Steven became the Deputy Principal when Olive retired a year later. Colleen held no interest for him as he was devoted to his wife and two daughters. No more cosy dinners for our Colleen; she had become something of a pariah in the staffroom by then.
The parents of the boarders seemed to love her. Colleen fawned over them and revelled in the expensive gifts that came her way. She had all the outward signs of being loved, being valued, and of being held in high esteem. The cracks must have been there, but nobody cared to look. A few male colleagues still found her charming, but she no longer batted her eyelids at them. She had more interesting fish to fry: the fathers of the girls in boarding – and the Headmaster.
There is no need to jump to conclusions here. Colleen loved the heady feeling of the power of being attractive to older men with pretty wives and children in boarding school. There was no hanky-panky for Colleen, she wasn’t that type of person. What she thrived on for the most was to be in the centre of power. Her proximity to ‘important’ people in society made her practically drunk with pleasure.
Evan Butler, the Headmaster, openly empathised with this misunderstood, unappreciated, rather sad, single, still attractive woman in charge of the girls’ boarding house. He was relieved by her apparent success in the wake of Tilly, who had made a hash of things. He and his wife, Allison, occasionally invited her round for a drink, which often lead to an invitation to supper.
Colleen glowed with happiness. She sometimes teased Evan in the staffroom and often brought him tea at odd times during the day. She simpered at his over-used jokes. One day, Colleen let slip to someone in the bathroom that Evan Butler was secretly in love with her! We watched as she giggled in his presence; she would guess where he would sit during the staff tea break so that she could be near him. We noticed that she took greater care over her clothes and wore a lot of jewellery when Evan was present and slackened off during the times he was away from the school.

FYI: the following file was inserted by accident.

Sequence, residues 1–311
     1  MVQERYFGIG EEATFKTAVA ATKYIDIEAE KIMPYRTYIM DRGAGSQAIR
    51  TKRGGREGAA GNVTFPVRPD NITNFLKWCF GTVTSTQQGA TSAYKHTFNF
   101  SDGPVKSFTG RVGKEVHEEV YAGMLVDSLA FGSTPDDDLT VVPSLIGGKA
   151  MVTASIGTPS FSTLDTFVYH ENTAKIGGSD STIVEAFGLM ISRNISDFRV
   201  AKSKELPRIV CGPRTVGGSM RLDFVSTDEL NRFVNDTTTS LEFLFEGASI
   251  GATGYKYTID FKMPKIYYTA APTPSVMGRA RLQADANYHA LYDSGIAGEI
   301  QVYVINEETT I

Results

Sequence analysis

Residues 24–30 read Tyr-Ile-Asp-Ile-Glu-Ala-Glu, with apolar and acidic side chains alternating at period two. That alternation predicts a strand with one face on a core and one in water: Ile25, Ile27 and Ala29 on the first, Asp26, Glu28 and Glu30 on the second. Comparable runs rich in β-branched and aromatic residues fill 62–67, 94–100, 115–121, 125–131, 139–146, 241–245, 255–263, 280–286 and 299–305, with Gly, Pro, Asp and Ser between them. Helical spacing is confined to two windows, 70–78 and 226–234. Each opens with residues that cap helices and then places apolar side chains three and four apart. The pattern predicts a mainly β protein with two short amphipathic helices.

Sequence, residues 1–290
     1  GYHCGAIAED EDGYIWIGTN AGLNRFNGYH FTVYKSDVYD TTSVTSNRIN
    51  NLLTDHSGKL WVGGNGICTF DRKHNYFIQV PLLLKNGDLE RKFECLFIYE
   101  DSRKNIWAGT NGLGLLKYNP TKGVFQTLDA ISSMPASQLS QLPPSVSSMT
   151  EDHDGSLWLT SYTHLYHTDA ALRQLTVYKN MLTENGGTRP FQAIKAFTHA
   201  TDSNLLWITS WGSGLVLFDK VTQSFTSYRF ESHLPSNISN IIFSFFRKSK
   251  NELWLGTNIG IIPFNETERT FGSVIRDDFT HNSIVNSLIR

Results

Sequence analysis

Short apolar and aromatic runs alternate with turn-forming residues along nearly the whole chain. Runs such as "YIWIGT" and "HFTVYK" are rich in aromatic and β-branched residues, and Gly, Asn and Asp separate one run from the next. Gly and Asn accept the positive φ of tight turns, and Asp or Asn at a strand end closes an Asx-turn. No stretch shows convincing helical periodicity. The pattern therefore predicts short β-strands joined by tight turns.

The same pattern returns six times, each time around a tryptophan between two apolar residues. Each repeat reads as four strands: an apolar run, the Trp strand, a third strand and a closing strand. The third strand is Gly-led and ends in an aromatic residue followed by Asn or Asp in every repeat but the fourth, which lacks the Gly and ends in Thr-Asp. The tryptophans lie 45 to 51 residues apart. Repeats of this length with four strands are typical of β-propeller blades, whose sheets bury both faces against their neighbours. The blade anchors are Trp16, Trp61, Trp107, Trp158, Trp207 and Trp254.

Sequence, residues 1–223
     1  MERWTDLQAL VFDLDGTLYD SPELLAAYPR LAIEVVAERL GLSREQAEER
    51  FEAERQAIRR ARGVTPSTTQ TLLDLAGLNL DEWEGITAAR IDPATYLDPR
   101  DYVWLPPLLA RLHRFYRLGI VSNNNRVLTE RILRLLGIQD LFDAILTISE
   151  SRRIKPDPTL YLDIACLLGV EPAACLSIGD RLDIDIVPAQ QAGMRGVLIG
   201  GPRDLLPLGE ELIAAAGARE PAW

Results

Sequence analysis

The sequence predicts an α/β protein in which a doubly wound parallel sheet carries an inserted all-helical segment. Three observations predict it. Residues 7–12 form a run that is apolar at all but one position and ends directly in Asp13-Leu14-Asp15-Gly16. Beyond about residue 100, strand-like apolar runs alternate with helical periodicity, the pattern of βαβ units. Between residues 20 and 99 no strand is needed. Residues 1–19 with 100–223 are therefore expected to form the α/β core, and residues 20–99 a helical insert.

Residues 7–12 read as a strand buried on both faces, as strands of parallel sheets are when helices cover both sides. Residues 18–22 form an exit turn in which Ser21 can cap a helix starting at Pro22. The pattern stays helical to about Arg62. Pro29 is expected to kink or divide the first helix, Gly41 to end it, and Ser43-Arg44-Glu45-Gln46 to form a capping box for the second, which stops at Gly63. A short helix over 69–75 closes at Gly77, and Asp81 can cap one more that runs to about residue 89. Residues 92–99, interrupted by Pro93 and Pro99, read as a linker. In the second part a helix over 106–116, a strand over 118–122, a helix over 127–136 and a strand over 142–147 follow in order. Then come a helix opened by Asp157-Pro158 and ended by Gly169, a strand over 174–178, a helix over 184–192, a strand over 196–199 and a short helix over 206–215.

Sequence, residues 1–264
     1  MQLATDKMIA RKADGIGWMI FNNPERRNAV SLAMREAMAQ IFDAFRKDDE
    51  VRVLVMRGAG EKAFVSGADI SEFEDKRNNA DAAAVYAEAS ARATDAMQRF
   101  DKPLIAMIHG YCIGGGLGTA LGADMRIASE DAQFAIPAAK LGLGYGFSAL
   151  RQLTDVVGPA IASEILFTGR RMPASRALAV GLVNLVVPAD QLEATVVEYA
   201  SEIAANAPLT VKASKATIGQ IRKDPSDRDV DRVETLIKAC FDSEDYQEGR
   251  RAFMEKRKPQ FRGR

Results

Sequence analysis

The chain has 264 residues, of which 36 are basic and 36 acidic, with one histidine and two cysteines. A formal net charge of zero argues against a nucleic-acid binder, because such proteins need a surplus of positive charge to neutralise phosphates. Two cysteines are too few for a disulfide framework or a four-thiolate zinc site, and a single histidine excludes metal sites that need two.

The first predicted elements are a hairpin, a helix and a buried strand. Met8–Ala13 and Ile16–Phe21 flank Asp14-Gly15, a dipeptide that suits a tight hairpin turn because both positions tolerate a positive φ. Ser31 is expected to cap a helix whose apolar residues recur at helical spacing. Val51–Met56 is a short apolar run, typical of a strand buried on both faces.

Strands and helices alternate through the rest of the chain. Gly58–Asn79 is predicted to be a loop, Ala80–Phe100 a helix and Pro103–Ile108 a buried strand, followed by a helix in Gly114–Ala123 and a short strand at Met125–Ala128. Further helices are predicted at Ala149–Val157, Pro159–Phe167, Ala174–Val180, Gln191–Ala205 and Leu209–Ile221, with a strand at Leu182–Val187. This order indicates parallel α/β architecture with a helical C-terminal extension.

Her being so close to the ‘powerhouse’ of the school was akin to an aphrodisiac for Colleen. Everyone watched her like a hawk. She wore her lust for power like a shimmering mantle. Some of the weaker-willed colleagues were drawn to her, just as moths are attracted to light. She treated her current favourites with care by inviting them to her flat for wine; changing their campus duties at will; and granting them opportunities to enter what had become the ‘inner circle’ of power – albeit at the fringes only.
To his credit, Evan never encouraged her advances. He openly showed devotion to his wife of several decades and treated his colleagues with an even hand. He laughed with the few mothers who dared mention that “Miss Halford tried to get too close” to their husbands. “Colleen?” He would pour another glass of wine and compliment the woman on her earrings, her hairdo, or even her daughter. “Colleen is harmless,” he would smile. “A little lonely perhaps, but she is excellent with the girls.”
Was she? In time the girls began talking about how embarrassing it was that Miss Halford flirted with their fathers. In time word got out that Mr X or Mr Y had paid for Colleen’s holiday to the Kruger National Park or to Mauritius. In time girls began to complain that some of their peers received more privileges than others and that it was no coincidence that they were the daughters of the fathers so generous with their wallets. “It’s unfair!” The chorus of ‘unfair’ swelled with the passing of each term.
Colleen ignored it. She looked forward to the contents of creamy envelopes containing tickets accompanied by the well-meant “Enjoy yourself this holiday” or “You deserve to relax after such a hard term” notes. She reflected on her trips to Kenyan farms, to private game reserves, and wondered where her next destination would be.
To be fair, if nothing came her way, Colleen wouldn’t complain. Instead, the new term would bring a more thin-lipped Colleen to the fore. A Colleen with a desire to impose iron discipline on the girls. A Colleen who would show everyone who was boss. It became well-known that she seemed to have deliberately set about to unravel all the good Colin had done in the Natural Sciences Department.